Special:  Cowboy Love Poetry

Complete list of cowboy love poetry


Tex Tumbleweed
A Cowboy's Lament

Jo Lynne Kirkwood
Lessons in Love

McCloud (Davey Lee George)
Cowboy in Love
Ageless Beauty Fair


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A Cowboy's Lament
     (Can be sung to the tune of "Sweet Betsy From Pike")

Across Texas border in old Mexico
there was a cantina where we liked to go;
the whisky was cheap and the music was loud,
so right after payday, they drew a big crowd.
A sweet senorita by name of Loree
caused my heart to melt when she looked right at me.
When I got the courage to ask her to dance,
she smiled at me sweetly and jumped at the chance.
From that very moment, I think we both knew,
a lifetime together was what we'd pursue.
But destiny dealt us a very hard blow
when I was "called out" by the gunfighter, Joe.
Loree ran between us to stop the gun fight,
I then watched in horror at this fatal sight.
The body that crumbled was my dear Loree,
she'd taken the slug that Joe had meant for me.
My single shot left Joe stone-dead in the street;
I'd won the gun fight but I still felt defeat.
The one special thing that had meant most to me,
I'd now lost forever, my precious Loree.
Now I never go into old Mexico
when payday comes 'round and the cow hands all go;
I ride with the wind on this vast, lone prairie
and I hear it whisper the name of Loree.
And now and forever, my fate it shall be,
to hear the wind whisper the name of Loree . . .

2001 Tex Tumbleweed

Read more of Tex Tumbleweed's poetry here.



Lessons in Love

Les, he come into Pearl’s coffee shop,
and engaged her in conversation
about the merits and drawbacks of personal ads
in resolvin’ romance inclinations.

“These here,” he says, "is temptations.
A signed, undated blank check.
The ticket to what a man’s longin’ for,
laid out like a solitaire deck.”

And he unfolded the double-wide twelve columned spread
‘til it covered the whole top of the booth.
“These is answers to what fellers is prayin’ for.
Like reading scriptures and seein’ the truth.”

“Heck, Pearl,” Leslie drooled, “lookey right here.
Single female, financially able.
She’s just forty-seven, and looking for love.
Hot dang!  And he slapped at the table.”

“Humph,” Pearl snorted.  “You’re in for a shock.
This here’s just a paper, and them words is just talk.
Those lonely hearts women that writes out them ads
is likely wore out, or is lookin’ for lads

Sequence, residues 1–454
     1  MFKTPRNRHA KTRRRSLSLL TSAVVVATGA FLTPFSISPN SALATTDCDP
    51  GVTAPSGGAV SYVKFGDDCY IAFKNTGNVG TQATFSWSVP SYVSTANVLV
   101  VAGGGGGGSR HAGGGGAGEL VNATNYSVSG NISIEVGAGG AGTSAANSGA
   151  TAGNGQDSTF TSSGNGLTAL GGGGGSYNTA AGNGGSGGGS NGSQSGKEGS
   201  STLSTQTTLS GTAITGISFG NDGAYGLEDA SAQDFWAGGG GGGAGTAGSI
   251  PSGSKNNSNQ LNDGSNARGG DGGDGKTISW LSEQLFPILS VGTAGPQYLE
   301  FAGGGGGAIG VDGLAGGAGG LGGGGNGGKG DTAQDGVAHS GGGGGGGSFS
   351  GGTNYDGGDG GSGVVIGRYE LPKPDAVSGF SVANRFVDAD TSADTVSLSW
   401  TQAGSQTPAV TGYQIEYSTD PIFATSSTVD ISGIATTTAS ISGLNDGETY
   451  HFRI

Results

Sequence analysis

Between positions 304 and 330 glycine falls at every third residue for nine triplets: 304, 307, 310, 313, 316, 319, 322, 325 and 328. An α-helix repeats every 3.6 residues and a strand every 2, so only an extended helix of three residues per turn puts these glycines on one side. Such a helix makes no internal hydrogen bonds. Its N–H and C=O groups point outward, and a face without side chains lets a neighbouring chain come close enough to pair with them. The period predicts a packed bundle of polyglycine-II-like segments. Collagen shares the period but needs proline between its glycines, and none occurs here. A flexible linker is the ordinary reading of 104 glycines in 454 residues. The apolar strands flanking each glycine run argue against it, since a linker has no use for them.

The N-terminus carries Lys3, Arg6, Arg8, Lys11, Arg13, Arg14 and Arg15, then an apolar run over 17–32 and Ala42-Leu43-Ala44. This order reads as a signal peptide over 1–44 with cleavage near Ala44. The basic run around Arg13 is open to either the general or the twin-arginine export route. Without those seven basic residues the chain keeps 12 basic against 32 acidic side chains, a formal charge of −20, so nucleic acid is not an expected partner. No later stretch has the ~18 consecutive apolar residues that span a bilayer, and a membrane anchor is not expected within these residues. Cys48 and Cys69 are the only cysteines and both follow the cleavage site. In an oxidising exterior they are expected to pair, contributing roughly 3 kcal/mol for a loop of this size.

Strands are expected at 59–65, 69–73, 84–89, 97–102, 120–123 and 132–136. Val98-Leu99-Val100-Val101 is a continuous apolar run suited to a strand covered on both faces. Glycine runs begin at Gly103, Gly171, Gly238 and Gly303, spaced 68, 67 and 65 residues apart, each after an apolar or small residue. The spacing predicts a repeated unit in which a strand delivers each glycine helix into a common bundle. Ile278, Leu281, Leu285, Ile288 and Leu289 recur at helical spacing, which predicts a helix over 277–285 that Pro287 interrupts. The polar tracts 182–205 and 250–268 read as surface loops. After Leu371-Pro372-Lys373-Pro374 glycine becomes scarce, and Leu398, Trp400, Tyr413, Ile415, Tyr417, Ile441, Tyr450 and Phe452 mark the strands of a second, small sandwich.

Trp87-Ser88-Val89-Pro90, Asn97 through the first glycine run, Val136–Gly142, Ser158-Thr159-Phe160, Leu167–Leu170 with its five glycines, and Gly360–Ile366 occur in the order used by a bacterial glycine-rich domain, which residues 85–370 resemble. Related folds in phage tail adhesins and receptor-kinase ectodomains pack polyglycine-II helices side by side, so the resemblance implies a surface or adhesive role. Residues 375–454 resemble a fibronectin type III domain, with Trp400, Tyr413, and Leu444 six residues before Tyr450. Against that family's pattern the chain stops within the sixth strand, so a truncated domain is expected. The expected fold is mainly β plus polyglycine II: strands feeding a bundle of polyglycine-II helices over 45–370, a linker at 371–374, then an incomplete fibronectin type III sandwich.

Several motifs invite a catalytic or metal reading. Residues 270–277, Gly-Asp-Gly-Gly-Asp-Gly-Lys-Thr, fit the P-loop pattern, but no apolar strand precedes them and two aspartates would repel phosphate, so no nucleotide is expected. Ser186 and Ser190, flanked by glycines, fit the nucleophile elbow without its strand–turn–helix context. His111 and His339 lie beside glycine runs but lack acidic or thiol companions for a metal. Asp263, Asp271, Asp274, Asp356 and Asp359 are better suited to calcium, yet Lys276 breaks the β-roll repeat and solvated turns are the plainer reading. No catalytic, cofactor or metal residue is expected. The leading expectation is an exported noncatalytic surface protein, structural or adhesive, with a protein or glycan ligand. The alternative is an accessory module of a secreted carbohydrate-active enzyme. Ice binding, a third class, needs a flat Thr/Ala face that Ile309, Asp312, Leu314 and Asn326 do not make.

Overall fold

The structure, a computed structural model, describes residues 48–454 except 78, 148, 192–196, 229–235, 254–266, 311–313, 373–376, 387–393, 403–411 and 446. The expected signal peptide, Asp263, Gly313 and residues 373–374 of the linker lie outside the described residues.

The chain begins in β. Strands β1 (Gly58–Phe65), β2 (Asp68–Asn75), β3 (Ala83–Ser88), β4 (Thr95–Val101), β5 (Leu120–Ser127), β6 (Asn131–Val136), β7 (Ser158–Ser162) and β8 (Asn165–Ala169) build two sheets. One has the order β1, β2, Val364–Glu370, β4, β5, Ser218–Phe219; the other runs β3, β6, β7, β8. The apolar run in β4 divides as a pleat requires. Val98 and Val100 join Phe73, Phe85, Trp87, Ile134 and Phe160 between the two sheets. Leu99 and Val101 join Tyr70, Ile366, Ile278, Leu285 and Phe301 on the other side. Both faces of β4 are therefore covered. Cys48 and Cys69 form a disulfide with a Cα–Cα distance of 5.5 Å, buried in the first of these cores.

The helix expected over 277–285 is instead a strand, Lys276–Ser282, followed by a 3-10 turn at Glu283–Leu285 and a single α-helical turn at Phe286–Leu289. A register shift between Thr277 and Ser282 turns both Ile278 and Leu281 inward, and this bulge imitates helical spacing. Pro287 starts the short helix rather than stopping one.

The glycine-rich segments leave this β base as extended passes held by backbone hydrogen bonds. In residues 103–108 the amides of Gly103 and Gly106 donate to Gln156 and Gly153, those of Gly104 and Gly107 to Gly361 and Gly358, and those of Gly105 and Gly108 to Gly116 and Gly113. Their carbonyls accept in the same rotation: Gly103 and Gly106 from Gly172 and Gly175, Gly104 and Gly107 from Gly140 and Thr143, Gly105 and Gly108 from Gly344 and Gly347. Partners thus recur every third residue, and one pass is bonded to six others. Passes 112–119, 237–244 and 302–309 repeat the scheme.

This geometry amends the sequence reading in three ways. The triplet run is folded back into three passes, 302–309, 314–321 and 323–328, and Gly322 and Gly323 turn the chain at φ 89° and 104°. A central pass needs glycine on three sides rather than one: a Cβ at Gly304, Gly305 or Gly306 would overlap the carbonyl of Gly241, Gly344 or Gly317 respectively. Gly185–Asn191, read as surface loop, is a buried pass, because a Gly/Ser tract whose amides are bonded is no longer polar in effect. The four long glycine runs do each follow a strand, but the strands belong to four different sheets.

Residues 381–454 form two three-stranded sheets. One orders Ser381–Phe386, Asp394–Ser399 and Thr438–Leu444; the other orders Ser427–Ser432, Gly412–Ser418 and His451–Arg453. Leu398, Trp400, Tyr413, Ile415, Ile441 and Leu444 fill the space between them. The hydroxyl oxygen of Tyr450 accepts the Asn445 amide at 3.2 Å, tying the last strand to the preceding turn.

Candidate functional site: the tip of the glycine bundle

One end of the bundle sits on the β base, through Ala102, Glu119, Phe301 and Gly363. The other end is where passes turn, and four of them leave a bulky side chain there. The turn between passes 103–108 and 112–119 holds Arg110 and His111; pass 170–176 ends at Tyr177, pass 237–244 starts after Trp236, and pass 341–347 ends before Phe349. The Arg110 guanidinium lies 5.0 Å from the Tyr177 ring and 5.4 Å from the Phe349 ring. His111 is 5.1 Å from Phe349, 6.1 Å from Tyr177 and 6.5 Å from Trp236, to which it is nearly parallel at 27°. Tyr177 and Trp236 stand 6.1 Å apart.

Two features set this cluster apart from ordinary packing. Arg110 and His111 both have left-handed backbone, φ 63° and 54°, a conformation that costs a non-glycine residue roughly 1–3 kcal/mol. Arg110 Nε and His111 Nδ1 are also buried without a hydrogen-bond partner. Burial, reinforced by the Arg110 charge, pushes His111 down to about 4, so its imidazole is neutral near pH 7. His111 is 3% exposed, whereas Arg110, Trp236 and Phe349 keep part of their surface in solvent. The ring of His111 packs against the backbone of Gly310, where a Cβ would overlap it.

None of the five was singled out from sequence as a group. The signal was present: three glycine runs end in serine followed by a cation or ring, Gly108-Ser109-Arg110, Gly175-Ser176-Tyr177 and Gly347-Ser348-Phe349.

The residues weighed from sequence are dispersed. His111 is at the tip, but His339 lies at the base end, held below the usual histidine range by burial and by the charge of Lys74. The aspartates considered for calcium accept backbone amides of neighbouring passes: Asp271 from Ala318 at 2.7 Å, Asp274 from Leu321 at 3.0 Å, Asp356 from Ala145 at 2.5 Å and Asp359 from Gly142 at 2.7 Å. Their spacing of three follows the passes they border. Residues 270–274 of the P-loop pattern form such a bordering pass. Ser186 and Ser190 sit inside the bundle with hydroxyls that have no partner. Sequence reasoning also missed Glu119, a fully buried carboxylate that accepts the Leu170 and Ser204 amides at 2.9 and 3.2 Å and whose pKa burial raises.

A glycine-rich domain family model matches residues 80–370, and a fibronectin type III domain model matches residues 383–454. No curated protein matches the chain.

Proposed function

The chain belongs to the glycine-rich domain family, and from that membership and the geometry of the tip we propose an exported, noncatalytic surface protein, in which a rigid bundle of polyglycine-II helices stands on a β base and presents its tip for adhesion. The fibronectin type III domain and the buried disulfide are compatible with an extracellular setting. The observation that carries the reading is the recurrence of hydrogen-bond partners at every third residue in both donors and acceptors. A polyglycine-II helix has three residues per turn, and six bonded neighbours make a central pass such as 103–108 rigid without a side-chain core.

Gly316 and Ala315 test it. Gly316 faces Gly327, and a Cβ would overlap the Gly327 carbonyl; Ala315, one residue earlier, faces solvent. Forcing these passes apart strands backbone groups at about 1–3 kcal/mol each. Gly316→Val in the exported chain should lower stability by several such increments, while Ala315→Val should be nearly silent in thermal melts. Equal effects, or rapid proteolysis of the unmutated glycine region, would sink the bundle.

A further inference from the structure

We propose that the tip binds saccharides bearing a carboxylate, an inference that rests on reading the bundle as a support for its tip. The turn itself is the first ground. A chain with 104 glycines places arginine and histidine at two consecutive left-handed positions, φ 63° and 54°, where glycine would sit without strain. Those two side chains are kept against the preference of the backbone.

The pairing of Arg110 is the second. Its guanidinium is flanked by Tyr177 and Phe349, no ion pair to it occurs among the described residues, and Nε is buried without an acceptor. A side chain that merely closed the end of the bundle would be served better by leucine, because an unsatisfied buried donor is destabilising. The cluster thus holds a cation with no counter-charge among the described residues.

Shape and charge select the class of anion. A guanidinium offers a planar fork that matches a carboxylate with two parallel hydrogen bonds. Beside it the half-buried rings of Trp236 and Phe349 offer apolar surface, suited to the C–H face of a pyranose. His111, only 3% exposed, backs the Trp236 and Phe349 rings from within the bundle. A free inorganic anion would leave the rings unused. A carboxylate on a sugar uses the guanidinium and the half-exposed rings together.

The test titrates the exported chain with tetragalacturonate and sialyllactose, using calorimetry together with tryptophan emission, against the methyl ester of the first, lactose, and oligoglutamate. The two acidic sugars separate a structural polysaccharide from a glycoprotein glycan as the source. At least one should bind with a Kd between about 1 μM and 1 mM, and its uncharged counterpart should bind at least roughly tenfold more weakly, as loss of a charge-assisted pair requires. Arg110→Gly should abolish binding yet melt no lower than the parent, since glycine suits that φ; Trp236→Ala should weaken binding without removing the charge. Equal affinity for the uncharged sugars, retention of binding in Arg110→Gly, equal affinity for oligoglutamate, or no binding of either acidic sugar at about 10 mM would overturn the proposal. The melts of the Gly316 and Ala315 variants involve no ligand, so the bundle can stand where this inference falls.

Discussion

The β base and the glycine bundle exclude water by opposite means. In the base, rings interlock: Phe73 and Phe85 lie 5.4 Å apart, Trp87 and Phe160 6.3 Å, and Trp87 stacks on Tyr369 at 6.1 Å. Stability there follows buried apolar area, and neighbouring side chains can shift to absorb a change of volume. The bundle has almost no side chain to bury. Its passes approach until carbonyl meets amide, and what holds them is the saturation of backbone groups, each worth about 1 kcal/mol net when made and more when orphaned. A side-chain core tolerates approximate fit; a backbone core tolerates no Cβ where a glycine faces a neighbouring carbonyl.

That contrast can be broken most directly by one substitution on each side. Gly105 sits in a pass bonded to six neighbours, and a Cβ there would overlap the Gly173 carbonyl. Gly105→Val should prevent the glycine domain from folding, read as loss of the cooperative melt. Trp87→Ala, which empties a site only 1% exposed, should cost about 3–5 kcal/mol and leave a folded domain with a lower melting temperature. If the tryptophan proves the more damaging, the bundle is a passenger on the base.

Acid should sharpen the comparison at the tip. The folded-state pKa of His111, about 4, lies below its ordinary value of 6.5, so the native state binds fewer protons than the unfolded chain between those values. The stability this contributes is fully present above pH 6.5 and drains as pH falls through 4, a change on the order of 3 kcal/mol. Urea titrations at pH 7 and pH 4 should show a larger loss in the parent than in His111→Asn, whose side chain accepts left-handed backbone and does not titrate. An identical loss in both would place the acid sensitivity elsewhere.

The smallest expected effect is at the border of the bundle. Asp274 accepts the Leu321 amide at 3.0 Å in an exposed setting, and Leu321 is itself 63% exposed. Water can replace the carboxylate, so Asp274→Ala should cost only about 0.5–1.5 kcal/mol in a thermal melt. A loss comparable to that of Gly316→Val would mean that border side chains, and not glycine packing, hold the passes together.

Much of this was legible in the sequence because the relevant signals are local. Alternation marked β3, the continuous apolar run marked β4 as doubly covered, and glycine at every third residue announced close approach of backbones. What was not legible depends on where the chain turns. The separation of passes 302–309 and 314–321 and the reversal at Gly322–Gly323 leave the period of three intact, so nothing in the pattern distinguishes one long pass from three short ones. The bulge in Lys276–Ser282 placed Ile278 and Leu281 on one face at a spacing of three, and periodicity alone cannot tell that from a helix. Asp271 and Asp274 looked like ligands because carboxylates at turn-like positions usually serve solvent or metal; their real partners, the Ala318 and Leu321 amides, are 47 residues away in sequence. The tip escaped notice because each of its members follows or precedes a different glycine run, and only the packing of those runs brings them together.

with a lot more to offer that what ever you got.
You might throw a wide loop, but a good catch you’re not!”

“Shucks,” Pearl continued,   “The boys can attest
You ain’t much to see when you’re lookin’ your best.
You ain't shaved in a week, nor bathed, that's for sure.
There’s an aura about you of aged horse manure.
If your folks taught you manners at home or in school,
you’ve forgot what you learned, ‘cause you sound like a fool.
When you’re here the coffee takes on a new flavor.
There really ain’t much that speaks in your favor.”

By the time Pearl got finished a-settin’ him straight,
Les’s was doubtin’ his manhood, and cussin’ his fate.
His face was all pruney with deep consternation,
His whole outlook a study in quiet desperation.

“Why Pearl,” Leslie stammered, his pride sadly shaken,
“I don’t understand this position you’re takin’.
Gol-dangit,” he mumbled, feeling sheepish and sore,
“I guess I hadn’t figured I was doin’ so poor.
Since you think my company takes such sacrifice
I’ll just stay out of here.  Thanks for the advice.”

“Oh, Les,” Pearl responded, feelin’ dismayed,
at seein Les so disturbed by her free-spoken tirade.
“That ain’t what I meant.  I think you’re all right.
It’s just that you need detailing a mite.”

“You could cover that smell.  Burma Shave would do much
to improve your whole outlook.  New Levis and such
is easy to come by, just go to the store.
That one that sells new ones, not those that been wore.

But you got to clean up.  And you’d better use soap.
Go down to the drugstore, get one on a rope
so’s it don’t slip away while you’re there in the shower.
Best ‘low time for that.  It will take you an hour

to get rid of grime.  And then when you’re done
You come on back.  Shucks, Les, this might be fun.
I’ll give you some pointers on what ladies hold dear.
Now go on, get lost.  I’m busy round here.”

Well, Les was embarrassed, but he knew deep inside
that what Pearl spoke was truth, and he had a tough hide
so he took her suggestions and bought him new duds,
and mastered the art of applyin’ soap suds.
And when he come back, in the late afternoon,
when that gal took a gander, she dang near swooned.